Ready or not, here they come. As a record number of voters test the nation's shaky election infrastructure, the question is not whether problems will arise, but where.
Of course, long lines, voting machine shortages, mechanical breakdowns, disputes over voter lists and legal challenges could cause Election Day headaches virtually anywhere in the country. But in a few states, a worrisome combination of legal, administrative and partisan controversies spells trouble. Here are the most problematic battleground states to watch as the ballots roll in:
• Colorado: Secretary of State Mike Coffman has been labeled "Colorado's AWOL election chief" by a Denver Post columnist, thanks to his decision to run for Congress even as he oversees the election, including his own race. The Republican has faced calls for his resignation amid allegations of too-cozy relationships with election systems contractors, and his elections director, Holly Lowder, stepped down abruptly in September following an ethics controversy.
Colorado put in place its federally mandated statewide voter registration database just this year, missing its initial 2006 deadline. Public interest groups sued the state, alleging that 35,000 voters had been illegally blocked or purged from the rolls. A judge recently ruled that those voters may cast provisional ballots, which will be counted before any other provisional ballots. Eighteen initiatives [PDF] are on the ballot, the state's longest since 1912. The reliability of voting machines, some of which were decertified last year only to be recertified within months, has also been called into question. Electoral Votes: 9.
• Florida: The punch-card ballots are gone, but voters in some Florida counties will cast ballots using their third style of voting machine in as many presidential elections. In Palm Beach County, machines lost track of some 3,500 ballots during the state primary in August. In recent weeks, early voting has also spawned hours-long waits, prompting Gov. Charlie Crist to extend hours at early voting centers.
More than 12,000 voters have been relegated to provisional status due to a controversial "no match, no vote" law that bars new voters from registering if their driver's license or Social Security numbers don't perfectly match government records. But election officials in about half the state's counties have said they will allow flagged voters with proper ID to cast ballots anyway. This irregular enforcement, while applauded by voting rights advocates, could itself become the basis for a legal challenge. Electoral Votes: 27.
• Ohio: As if the long lines, contested voter rolls, partisan acrimony and razor-thin victory margin for President Bush in 2004 weren't enough, Ohio's recent string of legal battles rings alarm bells. Secretary of State Jennifer Brunner, a Democrat, has tussled with state and federal GOP officials in more than a half-dozen lawsuits over the eligibility of some 200,000 new voters whose driver's license or Social Security numbers don't match government records. Republican challenges have been rebuffed by both the Supreme Court [PDF] and the Justice Department. But the GOP ruckus over alleged election fraud strikes many as a strategy to lay the groundwork for an Election Day legal challenge.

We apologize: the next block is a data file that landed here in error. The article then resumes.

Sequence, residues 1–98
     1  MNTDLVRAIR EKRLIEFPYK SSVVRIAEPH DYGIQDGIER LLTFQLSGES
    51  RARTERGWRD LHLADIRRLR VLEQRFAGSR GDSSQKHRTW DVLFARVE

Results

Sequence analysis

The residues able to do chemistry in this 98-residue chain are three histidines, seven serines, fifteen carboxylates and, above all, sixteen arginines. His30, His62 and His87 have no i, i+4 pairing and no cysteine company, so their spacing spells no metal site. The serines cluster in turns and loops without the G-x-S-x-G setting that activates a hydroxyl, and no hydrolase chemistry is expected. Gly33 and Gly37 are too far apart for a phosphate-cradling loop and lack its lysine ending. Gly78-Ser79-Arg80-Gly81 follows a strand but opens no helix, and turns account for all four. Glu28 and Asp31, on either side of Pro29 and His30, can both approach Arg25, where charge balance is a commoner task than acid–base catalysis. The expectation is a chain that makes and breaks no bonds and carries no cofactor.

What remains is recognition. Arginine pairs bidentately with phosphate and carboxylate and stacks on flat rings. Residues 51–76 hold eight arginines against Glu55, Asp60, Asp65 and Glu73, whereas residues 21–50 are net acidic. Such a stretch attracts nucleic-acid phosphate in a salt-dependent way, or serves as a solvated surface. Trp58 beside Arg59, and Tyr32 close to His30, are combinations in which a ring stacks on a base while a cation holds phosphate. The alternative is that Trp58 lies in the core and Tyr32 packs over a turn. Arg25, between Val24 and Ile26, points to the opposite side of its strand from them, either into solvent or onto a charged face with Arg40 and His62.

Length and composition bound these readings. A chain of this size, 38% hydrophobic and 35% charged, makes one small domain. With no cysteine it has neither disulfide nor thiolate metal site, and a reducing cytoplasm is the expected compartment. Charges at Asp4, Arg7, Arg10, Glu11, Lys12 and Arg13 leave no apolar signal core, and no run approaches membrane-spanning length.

Ohio has registered more than 600,000 new voters since January, and this is also the first presidential race that will test the state's new voter ID law. The state has a history of overusing provisional ballots, which tend to spawn litigation and which are not tallied until 10 days after the election. Loyola Law School professor Richard Hasen has said, "It will be a gift from heaven if the election does not come down to Ohio or Florida." Electoral Votes: 20.
• Pennsylvania: Pennsylvania's voting machines are causing worries in a state that faced long lines in 2004. Most counties use voting machines with no voter verifiable paper trail, meaning votes can't be recovered or recounted in the event of a breakdown. The NAACP successfully sued Secretary of the Commonwealth Pedro Cortés recently to overturn his directive that emergency paper ballots be handed out only if all the touch-screen machines in a given precinct broke down. Now the paper ballots will be handed out if more than half the machines fail.
State laws require more voting machines than have been allocated, according to the Advancement Project, a civil rights group, which also warns that poll workers are improperly distributed. Election protection advocates are also on the lookout for deceptive practices, such as fliers that advertise the wrong election day, and voting headaches for students at the state's large number of colleges and universities. Electoral Votes: 21.
• Virginia: The state NAACP and other civil rights groups recently sued Gov. Tim Kaine, a Democrat, claiming inadequate preparation for the more than 300,000 voters who have joined the state's rolls since January. Virginia polling places were overwhelmed in 2004, and state law requires only one machine for every 750 voters. "That's just not enough machines for too many voters," said Tova Wang, an elections specialist for public interest group Common Cause.
Deceptive fliers have cropped up, and problems could arise for student voters, who earlier this year were improperly blocked from registering at their dormitory addresses. "It's never been a battleground state before," noted Wang. "There are not the resources in the state, and there are not the protocols in place to handle it." Electoral Votes: 13.